نوع مقاله : علمی-پژوهشی
1 فارغ التحصیل کارشناسی ارشد هنر اسلامی با گرایش نگارگری، دانشکده حفاظت و مرمت، دانشگاه هنر تهران، تهران، ایران
2 استادیار گروه پژوهش هنر، دانشکده علوم نظری و مطالعات عالی هنر، دانشگاه هنر تهران، تهران، ایران
عنوان مقاله [English]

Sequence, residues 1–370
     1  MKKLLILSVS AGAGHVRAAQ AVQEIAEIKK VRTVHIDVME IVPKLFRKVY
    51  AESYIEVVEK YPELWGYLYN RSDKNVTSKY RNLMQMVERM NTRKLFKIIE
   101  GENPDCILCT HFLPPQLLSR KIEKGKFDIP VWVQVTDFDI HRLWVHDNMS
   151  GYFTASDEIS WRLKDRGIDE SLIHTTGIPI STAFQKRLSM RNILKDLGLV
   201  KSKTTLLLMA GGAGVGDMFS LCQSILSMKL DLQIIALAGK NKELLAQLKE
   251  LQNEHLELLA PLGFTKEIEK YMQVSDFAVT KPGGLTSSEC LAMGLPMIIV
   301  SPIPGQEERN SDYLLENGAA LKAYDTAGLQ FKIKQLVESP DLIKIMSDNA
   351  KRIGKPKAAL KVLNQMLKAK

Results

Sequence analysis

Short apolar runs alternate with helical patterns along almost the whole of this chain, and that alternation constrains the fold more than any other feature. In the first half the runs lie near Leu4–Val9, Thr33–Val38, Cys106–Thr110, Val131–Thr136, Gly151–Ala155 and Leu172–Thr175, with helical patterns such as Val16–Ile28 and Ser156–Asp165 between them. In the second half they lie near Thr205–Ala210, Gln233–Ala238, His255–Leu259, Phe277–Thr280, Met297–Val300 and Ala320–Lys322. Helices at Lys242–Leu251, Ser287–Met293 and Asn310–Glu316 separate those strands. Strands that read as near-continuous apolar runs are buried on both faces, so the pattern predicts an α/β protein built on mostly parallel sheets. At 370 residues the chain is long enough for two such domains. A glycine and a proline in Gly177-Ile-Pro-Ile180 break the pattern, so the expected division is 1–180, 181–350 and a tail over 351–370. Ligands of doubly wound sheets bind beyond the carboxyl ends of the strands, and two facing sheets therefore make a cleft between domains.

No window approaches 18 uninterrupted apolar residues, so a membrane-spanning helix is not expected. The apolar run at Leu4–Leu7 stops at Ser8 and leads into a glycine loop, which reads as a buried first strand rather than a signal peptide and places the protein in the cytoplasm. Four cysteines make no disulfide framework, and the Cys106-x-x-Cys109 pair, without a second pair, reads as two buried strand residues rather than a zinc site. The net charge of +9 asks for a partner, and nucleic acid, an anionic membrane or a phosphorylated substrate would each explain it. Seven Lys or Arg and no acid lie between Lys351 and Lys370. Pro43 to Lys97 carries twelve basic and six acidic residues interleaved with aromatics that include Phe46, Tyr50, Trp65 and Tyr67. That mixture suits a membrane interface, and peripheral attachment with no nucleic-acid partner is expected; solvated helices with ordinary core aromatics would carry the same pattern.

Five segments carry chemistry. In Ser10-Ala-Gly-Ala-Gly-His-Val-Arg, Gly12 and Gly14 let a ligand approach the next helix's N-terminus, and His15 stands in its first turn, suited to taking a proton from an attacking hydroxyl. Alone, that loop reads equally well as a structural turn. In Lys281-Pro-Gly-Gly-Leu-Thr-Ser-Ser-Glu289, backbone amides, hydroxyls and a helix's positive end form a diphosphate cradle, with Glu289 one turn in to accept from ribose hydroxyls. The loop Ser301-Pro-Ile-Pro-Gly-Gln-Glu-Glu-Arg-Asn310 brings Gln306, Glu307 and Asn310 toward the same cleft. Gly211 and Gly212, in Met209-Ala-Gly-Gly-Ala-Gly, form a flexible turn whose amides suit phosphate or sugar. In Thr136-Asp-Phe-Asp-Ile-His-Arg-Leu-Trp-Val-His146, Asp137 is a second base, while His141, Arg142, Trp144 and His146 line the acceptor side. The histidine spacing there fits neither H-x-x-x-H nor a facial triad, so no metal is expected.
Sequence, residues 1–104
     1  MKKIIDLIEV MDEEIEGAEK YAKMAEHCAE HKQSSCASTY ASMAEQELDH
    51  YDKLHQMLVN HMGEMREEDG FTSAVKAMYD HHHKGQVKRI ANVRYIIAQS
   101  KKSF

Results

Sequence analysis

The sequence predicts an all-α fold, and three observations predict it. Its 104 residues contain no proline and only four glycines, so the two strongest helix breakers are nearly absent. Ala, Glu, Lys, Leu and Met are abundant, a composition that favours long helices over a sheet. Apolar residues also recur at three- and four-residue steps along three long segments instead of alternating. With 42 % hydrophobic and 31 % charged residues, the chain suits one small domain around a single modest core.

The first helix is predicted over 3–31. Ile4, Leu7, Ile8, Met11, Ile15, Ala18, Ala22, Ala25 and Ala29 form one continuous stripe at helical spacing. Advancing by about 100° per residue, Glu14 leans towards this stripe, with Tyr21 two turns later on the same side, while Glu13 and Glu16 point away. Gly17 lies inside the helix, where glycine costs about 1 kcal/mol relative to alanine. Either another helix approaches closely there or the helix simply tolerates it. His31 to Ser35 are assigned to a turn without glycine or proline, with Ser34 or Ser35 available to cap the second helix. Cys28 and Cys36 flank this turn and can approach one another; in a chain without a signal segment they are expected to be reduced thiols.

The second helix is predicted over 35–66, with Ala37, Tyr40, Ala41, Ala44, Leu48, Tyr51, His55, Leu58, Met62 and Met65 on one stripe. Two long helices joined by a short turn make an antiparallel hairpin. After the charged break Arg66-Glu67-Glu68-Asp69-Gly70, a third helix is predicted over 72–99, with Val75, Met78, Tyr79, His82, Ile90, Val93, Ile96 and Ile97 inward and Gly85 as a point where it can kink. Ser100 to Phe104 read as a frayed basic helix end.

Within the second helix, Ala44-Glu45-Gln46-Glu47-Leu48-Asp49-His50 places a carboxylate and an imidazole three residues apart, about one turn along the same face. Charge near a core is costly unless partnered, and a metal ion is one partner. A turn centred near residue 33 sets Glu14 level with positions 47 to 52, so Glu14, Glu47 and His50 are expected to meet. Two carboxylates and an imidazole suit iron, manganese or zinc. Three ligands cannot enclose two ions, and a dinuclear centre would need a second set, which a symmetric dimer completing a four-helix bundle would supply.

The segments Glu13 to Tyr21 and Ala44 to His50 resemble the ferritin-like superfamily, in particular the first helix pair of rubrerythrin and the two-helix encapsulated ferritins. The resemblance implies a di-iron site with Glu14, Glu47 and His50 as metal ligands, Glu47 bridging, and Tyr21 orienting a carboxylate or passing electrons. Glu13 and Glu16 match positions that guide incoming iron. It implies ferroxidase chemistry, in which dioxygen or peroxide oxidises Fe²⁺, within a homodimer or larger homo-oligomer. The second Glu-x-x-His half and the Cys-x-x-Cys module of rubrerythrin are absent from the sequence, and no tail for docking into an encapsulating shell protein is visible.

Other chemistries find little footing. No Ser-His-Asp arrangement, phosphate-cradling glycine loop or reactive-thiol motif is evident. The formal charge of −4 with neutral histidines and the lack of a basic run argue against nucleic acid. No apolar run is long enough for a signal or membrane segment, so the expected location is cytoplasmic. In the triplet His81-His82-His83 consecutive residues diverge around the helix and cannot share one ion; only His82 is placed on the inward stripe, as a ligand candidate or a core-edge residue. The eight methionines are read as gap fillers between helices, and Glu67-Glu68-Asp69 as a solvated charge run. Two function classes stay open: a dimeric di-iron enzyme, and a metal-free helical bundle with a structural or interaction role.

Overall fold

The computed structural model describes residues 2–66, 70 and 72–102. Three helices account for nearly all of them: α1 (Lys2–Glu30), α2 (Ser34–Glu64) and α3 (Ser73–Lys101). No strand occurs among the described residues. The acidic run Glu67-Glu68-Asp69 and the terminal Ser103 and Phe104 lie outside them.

Farr(ah)/xvarənah-, a key concept in Persian thought and culture which literally means ‘glory’ and ‘splendour’, probably related etymologically to the word xuar/n ‘sun’, but mostly understood as a divine power and glory endowed upon the chosen ones. The discourse formation of farr(ah), through texts belonging to different periods, reaches its full development during the Islamic period, especially in the teachings of Suhrawardī, the well-known founder of the Persian Illuminationist school of philosophy. Based on a qualitative method, the present study aims at classifying and arranging the different types of farr(ah) and also investigates how the Qur’ānic teachings, especially the Qur’ānic divine Names, influenced transformation of the concept of farr(ah) during the Islamic period. Farr(ah) was a royal and divine attribute and occurs in phrases like farr-u-awrang. Burz (the lofty one), warz (Av. varəcah, the vital energy) and bagh (a deity or divine power distributing settled portions and deserved fates, Sans. bhaga) may be mentioned among the other important words and notions accompanying the notion of farr(ah). Major types of farr(ah) are as the followings: farr-i kiyānī (royal splendour attributed to virtuous kings), farr-i Īrānī (showing that farr(ah) corresponded not only to the concept of royal fortune but also to that of ‘fortune’ in a more general sense), farr-i zartusht and farr-i mūbadī (fortune and splendour attributed to the priestly class). As a magic force of luminous and fiery nature, the notion of farr(ah) closely accompanied the key notions of ‘beauty’, ‘wisdom’ and ‘power’, hence, it may manifest itself through an interconnected network of living beings, including animals and plants, as well as non-living objects. As a result of the promotion of equality and hence removal of Sassanid social classes during the Islamic period, the concept of farr(ah) – influenced by the Qur’ānic divine Names and Qualities including Mercy and Light alongside the key notion of Sakīna (Spirit of Tranquility, divine Presence and Indwelling) - transformed into a more mature and rich form.